Nearly a quarter of a million American workers went on strike in 2022, and baristas and fast-food workers were leading the charge, according to a report released Tuesday by Cornell University’s Worker Institute. It found that Starbucks employees and fast-food workers are fueling a sharp uptick in work stoppages across the country, which have increased by more than 50 percent in the past year. No paywall
Last month, workers at a Chipotle in Augusta, Maine, announced that they intended to form a union — the first of the chain’s roughly 3,000 locations to do so. This week, Chipotle said it will close the store permanently. The move came the same week that Amy’s Kitchen, the vegetarian frozen-food company that has reportedly been fighting attempts by its workers to unionize, announced that it’s closing the San Jose, California, factory where workers complained of “unrelenting managers, poor working conditions, and demanding production mandates.” (No paywall)
By disregarding the health and safety of their employees, some of the most prominent companies in the food industry have created situations that led to workers being injured or killed on the job, according to a new report by the National Council for Occupational Safety and Health (National COSH), an advocacy group.(No paywall)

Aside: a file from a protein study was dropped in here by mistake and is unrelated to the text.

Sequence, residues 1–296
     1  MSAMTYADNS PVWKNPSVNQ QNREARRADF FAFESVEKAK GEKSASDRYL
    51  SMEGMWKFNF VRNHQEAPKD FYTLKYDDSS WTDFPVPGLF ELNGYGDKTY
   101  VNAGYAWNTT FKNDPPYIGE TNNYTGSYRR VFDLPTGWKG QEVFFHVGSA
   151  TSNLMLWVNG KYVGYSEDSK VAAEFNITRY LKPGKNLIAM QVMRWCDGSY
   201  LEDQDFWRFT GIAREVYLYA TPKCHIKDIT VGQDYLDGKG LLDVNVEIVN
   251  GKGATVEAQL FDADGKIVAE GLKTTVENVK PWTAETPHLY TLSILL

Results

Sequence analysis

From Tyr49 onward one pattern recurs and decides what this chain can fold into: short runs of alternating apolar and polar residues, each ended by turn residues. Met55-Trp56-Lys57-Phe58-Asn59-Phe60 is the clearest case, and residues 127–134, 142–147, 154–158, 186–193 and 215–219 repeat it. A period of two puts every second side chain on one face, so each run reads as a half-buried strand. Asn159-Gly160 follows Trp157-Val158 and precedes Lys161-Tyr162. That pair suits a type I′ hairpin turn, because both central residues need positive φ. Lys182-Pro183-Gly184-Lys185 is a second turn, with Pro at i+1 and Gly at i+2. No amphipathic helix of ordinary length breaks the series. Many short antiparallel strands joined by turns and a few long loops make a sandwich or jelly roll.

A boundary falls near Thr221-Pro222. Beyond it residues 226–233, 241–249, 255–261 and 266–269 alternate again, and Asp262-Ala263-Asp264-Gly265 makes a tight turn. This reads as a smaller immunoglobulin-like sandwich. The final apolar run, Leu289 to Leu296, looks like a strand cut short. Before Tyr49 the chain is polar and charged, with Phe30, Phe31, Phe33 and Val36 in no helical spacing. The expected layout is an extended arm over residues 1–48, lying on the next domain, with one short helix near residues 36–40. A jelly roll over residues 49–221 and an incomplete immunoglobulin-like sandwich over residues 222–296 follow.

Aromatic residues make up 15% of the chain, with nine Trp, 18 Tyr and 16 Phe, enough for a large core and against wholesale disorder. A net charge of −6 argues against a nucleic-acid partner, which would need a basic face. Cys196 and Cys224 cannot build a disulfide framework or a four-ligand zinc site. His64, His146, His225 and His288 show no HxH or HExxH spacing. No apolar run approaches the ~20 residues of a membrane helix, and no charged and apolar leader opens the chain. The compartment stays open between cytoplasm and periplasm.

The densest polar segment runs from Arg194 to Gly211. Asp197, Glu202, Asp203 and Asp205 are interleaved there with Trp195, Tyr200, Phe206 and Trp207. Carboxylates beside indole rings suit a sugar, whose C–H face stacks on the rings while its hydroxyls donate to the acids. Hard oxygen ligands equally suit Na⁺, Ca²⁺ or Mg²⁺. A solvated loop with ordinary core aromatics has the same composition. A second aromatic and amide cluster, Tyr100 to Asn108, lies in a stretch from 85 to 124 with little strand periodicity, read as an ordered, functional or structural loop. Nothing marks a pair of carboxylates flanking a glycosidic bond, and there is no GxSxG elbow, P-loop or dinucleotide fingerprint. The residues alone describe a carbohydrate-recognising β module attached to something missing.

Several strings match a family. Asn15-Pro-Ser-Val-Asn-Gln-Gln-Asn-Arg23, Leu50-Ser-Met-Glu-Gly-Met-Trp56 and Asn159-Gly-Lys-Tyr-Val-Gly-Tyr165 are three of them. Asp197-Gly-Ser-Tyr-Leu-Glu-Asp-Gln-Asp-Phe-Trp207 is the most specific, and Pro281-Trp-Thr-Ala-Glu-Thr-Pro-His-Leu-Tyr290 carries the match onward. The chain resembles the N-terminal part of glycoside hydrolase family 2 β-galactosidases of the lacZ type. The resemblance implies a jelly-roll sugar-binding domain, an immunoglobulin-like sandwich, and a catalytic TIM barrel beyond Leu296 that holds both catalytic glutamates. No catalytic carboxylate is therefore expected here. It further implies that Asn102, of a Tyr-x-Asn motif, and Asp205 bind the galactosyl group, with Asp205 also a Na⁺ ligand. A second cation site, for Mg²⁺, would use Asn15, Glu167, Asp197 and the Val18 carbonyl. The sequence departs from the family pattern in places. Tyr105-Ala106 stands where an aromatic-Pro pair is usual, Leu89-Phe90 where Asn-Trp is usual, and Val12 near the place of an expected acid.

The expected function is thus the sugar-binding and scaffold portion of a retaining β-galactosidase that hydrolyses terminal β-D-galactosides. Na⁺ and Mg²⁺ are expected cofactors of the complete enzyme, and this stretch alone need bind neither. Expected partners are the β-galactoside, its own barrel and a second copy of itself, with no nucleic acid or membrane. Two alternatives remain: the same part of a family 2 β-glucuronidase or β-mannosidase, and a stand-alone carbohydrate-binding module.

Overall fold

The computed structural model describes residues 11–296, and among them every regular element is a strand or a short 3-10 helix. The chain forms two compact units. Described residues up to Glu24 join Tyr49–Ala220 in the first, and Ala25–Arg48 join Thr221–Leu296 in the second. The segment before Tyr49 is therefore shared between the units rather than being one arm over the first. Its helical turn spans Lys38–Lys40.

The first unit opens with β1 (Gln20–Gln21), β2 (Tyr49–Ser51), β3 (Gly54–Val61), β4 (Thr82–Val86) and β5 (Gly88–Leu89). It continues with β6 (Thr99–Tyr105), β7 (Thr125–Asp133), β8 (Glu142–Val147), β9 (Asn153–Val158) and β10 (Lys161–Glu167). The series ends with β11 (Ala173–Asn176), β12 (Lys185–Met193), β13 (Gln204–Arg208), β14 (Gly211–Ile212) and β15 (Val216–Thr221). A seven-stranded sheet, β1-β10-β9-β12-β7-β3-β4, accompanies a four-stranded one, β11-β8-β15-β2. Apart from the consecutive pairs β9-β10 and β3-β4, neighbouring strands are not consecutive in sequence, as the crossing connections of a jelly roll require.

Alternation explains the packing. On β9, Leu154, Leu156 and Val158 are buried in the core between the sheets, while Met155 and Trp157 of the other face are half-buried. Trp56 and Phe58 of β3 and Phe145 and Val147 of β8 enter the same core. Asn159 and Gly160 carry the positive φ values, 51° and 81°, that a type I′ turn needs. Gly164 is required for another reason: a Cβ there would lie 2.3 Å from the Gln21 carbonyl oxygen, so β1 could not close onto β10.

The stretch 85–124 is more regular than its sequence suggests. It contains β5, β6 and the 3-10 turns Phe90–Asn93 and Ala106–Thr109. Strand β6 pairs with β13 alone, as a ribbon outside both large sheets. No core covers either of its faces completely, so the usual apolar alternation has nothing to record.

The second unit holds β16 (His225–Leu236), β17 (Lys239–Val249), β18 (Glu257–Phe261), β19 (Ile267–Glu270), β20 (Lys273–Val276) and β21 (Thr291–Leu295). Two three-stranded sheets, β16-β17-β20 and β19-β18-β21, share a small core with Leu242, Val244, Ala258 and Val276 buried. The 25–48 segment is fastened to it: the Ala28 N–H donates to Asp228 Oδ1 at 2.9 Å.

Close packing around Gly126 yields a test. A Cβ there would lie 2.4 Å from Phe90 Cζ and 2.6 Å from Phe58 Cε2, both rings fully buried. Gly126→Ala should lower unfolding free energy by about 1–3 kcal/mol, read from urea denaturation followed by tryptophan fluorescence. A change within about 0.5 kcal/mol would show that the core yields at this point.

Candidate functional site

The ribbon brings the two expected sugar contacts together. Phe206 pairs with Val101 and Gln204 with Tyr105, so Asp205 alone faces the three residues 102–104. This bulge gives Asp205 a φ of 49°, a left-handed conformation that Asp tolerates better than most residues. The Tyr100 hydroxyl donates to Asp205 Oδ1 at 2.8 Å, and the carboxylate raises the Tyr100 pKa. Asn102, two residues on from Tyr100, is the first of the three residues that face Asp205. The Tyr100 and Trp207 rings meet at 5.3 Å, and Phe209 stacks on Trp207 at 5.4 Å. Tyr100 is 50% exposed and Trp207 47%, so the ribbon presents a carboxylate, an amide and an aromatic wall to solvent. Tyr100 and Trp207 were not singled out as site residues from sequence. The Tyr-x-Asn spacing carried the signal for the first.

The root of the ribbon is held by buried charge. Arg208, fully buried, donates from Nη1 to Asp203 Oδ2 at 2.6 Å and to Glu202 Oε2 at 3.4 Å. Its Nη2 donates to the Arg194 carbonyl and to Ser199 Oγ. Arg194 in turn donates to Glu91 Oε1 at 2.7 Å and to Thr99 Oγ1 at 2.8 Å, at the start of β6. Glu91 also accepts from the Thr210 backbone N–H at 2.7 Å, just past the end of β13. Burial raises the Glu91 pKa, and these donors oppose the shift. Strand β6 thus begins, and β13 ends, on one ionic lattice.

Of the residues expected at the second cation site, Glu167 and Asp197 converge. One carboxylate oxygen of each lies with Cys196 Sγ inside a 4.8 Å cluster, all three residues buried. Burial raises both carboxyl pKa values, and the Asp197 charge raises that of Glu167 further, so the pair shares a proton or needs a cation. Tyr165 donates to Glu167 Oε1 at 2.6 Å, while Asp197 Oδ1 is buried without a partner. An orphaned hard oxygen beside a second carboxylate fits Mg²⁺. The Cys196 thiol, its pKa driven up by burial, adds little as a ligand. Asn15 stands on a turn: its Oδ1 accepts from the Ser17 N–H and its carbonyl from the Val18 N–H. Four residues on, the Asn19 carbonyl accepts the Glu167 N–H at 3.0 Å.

More than 300 companies, including Monsanto and Unilever, called on President-elect Donald Trump, President Obama and Congress to continue U.S. participation in the Paris Agreement, reports NPR. The international treaty commits countries to lowering global climate emissions and keeping world temperature increases below two degrees beyond the pre-industrial standard.
Whole Foods and Starbucks are opening locations in Chicago’s crime-ridden Englewood neighborhood as part of a $20-million project to bring better services and products to the area. “The typically upscale Whole Foods will occupy an 18,000-square-foot store in the newly constructed Englewood Square shopping complex during a notably violent year in the neighborhood, one of the city’s poorest — it served as the setting for Spike Lee’s controversial “Chiraq” movie, and median household income is under $20,000, according to Census data,” says MarketWatch.
Climate change could “cut the global area suitable for coffee production by as much as 50 percent by 2050,” largely because of drought and higher temperatures, says a report by the Climate Institute. Of the 25 million coffee farmers around the world, many are small landholders living in countries that are among the most vulnerable to climate change, including Vietnam, Honduras, Guatemala and Nicaragua. Major retailers like Starbucks have already warned that their customers could see supply shortages, according to the Climate Institute.
The Clinton campaign loads up on Domino’s and Walmart groceries, while Trump staffers hit up Trump Grill and McDonald's, says Eater. The site searched spending records from the Federal Elections Commission to find out how each presidential hopeful was feeding their staff.